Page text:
This trend has been driven by what Accenture’s Jean-Luc Chatelain, CTO of Applied Intelligence, talks about in his latest 2019 Predictions: Today’s enterprises will need to move beyond “search engines” to “find engines” to gain actionable insights now.

In its July 2018 Magic Quadrant for Insight Engines, Gartner also predicted that by 2022, “information will proactively find more employees more often, thereby providing the insight needed to progress decisions and actions and reducing reactive searching by 20 percent”.

This shift also explains why the analysis of unstructured data is increasingly moving away from reactive searches and towards the proactive generation of insights to feed existing or anticipated business needs. Document understanding applications that combine NLP and ML deliver just that.

Document understanding drives productivity

By combining search and analytics with pragmatic AI technologies like NLP and ML, document understanding automatically extracts relevant information from unstructured data sources, saving businesses the time and resources needed to search manually.

As these applications further develop, they can deliver advanced actionable insights to improve business processes and customer experience. In fact, businesses across a number of industries have started to apply document understanding to help surface insights, including:

  • Legal departments – Reducing risks by automatically analyzing legal contracts for specific “red-flag” terms. For example, in merger & acquisition (M&A) processes, any variations of risky contract language referencing unlimited liability can be automatically identified, highlighted, and shared with the legal team. This helps deliver faster, automated insights beyond traditional keyword search.
  • Government agencies – Analyzing digitized incoming mail to route relevant letters to the right departments, eliminating manual effort and saving hundreds of thousands of agent hours.
  • Recruiting – Taking on rote tasks like sifting through millions of resumes and automatically matching CVs to job postings. Now, recruiters can review a curated and prioritized set of CVs and candidates, allowing them to focus on the people instead of the paperwork. Algorithms can also improve future results by learning and replicating desired patterns when hiring.
  • Banks and financial services – Automatically cross-analyzing loans or mortgages with the borrowers’ profiles from multiple independent sources to deliver better customer experience and engagement.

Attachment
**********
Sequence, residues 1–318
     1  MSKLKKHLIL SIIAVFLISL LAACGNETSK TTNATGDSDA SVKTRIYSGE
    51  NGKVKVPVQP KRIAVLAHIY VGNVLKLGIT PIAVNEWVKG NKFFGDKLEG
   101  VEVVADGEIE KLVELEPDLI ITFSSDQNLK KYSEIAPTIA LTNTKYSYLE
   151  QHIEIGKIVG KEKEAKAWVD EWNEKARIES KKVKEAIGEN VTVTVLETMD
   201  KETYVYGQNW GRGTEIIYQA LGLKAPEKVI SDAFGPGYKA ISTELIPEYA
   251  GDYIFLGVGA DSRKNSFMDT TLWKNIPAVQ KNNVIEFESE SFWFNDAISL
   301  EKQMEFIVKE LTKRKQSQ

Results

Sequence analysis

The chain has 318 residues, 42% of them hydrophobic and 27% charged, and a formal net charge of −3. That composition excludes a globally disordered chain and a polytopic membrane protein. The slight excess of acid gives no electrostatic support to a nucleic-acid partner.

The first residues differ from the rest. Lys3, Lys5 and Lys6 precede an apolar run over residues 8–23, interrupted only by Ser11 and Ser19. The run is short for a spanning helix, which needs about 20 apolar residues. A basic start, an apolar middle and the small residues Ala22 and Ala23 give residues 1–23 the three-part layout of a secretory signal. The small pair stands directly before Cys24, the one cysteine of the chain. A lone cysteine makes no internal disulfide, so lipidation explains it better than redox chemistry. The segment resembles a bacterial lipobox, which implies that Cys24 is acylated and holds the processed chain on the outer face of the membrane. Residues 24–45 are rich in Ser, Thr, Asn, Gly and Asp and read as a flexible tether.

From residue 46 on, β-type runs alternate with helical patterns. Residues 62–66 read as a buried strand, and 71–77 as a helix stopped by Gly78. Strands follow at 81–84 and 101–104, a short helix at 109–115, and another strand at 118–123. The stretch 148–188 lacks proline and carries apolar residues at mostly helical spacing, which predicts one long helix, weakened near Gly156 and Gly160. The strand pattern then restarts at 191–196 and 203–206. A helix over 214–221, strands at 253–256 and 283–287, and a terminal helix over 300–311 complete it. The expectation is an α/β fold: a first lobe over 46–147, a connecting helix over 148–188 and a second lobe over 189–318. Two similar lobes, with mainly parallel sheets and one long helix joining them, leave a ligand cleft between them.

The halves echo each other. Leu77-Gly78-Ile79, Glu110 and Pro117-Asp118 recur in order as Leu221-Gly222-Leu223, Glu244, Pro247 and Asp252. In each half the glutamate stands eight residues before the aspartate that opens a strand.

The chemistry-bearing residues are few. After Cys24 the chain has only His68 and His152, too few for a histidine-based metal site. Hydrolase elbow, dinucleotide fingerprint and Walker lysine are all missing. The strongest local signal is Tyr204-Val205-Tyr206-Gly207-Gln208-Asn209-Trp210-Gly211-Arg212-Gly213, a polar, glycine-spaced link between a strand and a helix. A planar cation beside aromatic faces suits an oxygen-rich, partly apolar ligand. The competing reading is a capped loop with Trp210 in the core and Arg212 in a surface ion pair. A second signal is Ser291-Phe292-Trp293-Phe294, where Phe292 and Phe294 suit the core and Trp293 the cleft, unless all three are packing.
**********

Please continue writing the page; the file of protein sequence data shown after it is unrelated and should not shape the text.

• Content creation – Automatically identifying an article’s main theme, finding similar articles from other sources, and sharing those articles with the author to aid writing.
  • Storage optimization – Using automated business rules to identify the appropriate action to take with documents stored in expensive on-premise storage—whether to move to lower-cost storage, delete if obsolete, or archive. ML can also accurately and quickly detect duplicates or near-duplicates, allowing for storage cost savings as well as a 360-degree view of enterprise data.
By combining search and analytics with pragmatic AI technologies like NLP and ML, document understanding automatically extracts relevant information from unstructured data sources, saving businesses the time and resources needed to search manually.

Poised to reach new potential

With the increasing range of pragmatic AI solutions available, from open source frameworks and evolving vendors to cloud-based APIs, enterprises stand to benefit more than ever from this ecosystem. They now have the flexibility to integrate appropriate approaches and technologies for their use cases.

While NLP is not perfect, it is being consistently enhanced. And the ML algorithms supporting NLP are seeing significant advances with industry giants like Google, Microsoft, and Amazon making strides to improve accuracy.

We’re also leveraging our own technology assets at Accenture to orchestrate different components of NLP applications, making them easily maintainable and scalable using both custom and ready-built algorithms. This means that NLP and ML are slowly gaining maturity, helping businesses to use document understanding to tackle increasingly complex challenges and finally begin to unlock the full potential of unstructured data.

Now that you know more about document understanding, what potential use cases do you see within your organization? What value will it help you unlock?

Kamran Khan

Managing Director – Accenture Applied Intelligence

MORE ON THIS TOPIC


Subscription Center
Stay in the Know with Our Newsletter Stay in the Know with Our Newsletter